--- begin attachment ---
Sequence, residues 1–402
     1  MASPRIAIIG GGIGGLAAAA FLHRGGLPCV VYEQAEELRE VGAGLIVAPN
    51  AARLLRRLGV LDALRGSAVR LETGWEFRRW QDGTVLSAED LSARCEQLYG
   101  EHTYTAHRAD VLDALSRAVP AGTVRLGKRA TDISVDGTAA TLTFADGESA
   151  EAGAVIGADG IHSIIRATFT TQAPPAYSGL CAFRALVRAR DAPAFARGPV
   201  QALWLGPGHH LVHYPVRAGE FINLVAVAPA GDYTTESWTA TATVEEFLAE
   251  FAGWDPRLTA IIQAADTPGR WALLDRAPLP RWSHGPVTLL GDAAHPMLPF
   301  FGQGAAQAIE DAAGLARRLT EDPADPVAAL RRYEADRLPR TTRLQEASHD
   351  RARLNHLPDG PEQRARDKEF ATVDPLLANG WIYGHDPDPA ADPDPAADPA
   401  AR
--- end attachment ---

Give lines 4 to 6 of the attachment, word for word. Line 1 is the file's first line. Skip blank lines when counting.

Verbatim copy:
   101  EHTYTAHRAD VLDALSRAVP AGTVRLGKRA TDISVDGTAA TLTFADGESA
   151  EAGAVIGADG IHSIIRATFT TQAPPAYSGL CAFRALVRAR DAPAFARGPV
   201  QALWLGPGHH LVHYPVRAGE FINLVAVAPA GDYTTESWTA TATVEEFLAE